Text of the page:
Two new bird flu cases in China amid poultry crackdown
SHANGHAI (Reuters) - Two more people have contracted bird flu in Shanghai, China's health ministry said on Saturday, as authorities closed live poultry markets and culled birds to combat a new virus strain that has killed six people.
State-run Xinhua news agency said authorities planned to slaughter birds at two live poultry markets in Shanghai and another in Hangzhou after new samples of the H7N9 virus were detected in birds at the three sites.
More than 20,000 birds have been culled at another Shanghai market where traces of the virus were found this week.
Officials in Shanghai, China's financial hub, closed all the city's live poultry markets on Saturday, emptying food stalls.
All poultry trading was banned in Nanjing, another eastern Chinese city, although local officials said they had not found any trace of the bird flu virus and declared that chicken on the retail market was safe to eat, official media reported.
The new strain of bird flu has infected 18 people in China, all in the east. Six people have died in an outbreak that has spread concern overseas.
The World Health Organization (WHO) said that 10 infected people were severe cases and two were mild cases. It reiterated there was no evidence of ongoing human-to-human transmission of the virus.
"More than 530 close contacts of the confirmed cases are being closely monitored. In Jiangsu, investigation is ongoing into a contact of an earlier confirmed case who developed symptoms of illness," the Geneva-based WHO said in a statement on Saturday.
There were no signs of panic in Shanghai, where four of the six people died, and people generally said they were not worried. But the culling, which has been widely publicized, did underline for some how close to home the issue had become.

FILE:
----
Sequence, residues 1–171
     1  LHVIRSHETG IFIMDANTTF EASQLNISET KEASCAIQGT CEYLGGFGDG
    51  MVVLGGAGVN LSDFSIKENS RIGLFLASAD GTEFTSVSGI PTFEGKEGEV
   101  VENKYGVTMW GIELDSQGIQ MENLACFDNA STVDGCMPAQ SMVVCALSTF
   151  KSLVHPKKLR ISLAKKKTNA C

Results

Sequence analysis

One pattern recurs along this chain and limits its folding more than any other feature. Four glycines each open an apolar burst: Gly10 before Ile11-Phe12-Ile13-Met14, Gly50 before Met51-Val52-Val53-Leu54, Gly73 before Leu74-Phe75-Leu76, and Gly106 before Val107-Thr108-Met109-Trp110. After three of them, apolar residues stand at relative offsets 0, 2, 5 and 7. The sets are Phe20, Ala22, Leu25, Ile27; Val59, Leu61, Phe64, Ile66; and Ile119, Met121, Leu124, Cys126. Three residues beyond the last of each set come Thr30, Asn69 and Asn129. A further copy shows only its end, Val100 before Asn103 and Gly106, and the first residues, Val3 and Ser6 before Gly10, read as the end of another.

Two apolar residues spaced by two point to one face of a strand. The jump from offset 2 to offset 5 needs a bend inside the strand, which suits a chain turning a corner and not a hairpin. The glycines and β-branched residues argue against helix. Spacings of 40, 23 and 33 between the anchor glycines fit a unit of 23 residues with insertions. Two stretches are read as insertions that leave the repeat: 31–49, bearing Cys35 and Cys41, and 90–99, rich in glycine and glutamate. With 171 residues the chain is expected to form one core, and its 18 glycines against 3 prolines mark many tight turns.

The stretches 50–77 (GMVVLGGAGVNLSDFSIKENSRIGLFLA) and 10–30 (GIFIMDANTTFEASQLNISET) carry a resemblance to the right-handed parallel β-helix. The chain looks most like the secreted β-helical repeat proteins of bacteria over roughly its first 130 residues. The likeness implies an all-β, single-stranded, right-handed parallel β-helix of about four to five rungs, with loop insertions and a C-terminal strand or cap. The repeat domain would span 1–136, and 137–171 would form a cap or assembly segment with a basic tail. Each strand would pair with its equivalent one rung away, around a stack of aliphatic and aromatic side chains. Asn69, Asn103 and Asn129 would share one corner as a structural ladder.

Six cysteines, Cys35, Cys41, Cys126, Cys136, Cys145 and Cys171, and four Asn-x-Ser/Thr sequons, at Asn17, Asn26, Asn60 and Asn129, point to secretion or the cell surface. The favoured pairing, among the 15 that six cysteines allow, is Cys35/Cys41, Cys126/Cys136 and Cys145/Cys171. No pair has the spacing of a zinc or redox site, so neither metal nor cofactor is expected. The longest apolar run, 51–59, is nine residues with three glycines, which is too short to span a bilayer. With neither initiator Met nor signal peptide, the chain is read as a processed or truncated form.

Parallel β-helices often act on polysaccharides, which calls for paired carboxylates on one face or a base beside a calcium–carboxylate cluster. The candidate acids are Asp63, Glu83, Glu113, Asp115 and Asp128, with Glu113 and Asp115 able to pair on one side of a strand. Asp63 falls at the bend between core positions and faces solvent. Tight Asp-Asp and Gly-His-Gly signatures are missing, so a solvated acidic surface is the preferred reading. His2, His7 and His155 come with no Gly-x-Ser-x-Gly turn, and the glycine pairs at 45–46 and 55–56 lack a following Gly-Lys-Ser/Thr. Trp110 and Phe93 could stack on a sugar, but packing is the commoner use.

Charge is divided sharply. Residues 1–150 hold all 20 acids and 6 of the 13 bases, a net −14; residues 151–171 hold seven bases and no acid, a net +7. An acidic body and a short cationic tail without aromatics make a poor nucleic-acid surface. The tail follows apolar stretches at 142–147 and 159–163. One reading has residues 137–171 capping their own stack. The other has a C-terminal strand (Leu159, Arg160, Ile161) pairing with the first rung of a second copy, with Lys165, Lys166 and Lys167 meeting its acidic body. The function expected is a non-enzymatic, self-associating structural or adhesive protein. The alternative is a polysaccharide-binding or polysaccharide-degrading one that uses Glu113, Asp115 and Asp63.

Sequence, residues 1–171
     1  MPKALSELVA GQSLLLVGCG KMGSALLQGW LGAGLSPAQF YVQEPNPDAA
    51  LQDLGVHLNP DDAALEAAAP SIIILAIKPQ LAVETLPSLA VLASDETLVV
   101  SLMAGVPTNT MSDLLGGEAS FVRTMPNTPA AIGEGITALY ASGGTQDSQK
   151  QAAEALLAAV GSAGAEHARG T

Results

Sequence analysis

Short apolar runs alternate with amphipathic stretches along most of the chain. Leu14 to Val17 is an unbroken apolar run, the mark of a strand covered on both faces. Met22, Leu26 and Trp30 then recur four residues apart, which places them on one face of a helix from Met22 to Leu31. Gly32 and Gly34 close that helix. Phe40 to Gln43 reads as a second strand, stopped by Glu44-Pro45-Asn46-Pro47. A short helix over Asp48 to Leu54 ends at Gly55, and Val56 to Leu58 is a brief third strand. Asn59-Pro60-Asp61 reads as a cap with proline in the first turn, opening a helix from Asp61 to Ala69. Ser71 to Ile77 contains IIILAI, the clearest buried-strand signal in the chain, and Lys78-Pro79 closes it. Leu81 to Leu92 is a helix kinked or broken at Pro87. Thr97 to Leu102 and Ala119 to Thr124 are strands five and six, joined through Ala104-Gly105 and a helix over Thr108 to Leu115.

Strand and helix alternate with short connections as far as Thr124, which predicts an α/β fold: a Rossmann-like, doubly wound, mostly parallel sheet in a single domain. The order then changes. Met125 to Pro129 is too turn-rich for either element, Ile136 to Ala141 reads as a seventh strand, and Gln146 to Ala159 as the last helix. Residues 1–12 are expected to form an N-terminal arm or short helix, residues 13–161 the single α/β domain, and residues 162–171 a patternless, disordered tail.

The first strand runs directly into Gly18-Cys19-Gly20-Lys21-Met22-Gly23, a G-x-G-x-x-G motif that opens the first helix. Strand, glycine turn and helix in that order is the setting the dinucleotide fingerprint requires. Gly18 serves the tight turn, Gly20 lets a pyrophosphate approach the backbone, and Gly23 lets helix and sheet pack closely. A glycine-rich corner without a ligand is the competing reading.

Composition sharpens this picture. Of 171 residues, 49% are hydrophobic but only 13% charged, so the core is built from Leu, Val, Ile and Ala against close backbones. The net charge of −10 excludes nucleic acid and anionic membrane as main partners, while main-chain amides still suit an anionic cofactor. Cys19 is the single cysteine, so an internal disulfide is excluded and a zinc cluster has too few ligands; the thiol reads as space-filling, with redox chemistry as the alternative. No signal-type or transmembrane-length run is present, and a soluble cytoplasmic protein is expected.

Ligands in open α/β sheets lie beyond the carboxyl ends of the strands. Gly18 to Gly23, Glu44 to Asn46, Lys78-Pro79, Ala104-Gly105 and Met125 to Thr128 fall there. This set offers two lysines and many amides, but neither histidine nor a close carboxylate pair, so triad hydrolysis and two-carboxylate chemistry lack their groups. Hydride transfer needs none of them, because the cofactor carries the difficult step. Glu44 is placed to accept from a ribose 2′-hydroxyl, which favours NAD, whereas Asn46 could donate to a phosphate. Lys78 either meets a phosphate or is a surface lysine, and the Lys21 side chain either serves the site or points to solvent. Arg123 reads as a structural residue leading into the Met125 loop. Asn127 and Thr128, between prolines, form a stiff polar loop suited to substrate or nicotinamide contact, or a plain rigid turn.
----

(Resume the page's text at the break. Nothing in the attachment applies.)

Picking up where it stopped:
"Now it's just downstairs," said Liu Leting, a user of Weibo, China's version of Twitter which has more than 500 million users.
"Suddenly I discover that I'm living in an epidemic zone!"
In one city restaurant, a waitress said they planned to stop serving chicken because of the outbreak.
"After we sell out the chicken in stock, we will not buy new chicken and will stop serving chicken dishes for the time being," said the waitress, who declined to be identified.
While the strain does not appear to be transmitted from human to human, authorities in mainland China and Hong Kong said they were taking extra precautions.
Hong Kong's government said it was intensifying surveillance of travelers and poultry coming into the city.
China's Food and Drug Administration said it had fast-tracked approval for intravenous anti-influenza drug Peramivir, developed by the U.S.-listed biotechnology firm BioCryst Pharmaceuticals Inc.
Peramivir is in medical trials to prove its effectiveness against type-A and type-B influenza, the administration said in a statement. The H7N9 strain belongs to the type-A group.
Shanghai authorities have stressed the H7N9 virus remained sensitive to the drug Tamiflu and those who were diagnosed early could be cured. Tamiflu is made by Roche Holding AG.
China and Hong Kong were badly hit by a 2002-2003 epidemic of Severe Acute Respiratory Syndrome that started in China and killed about one-tenth of the 8,000 people infected worldwide.
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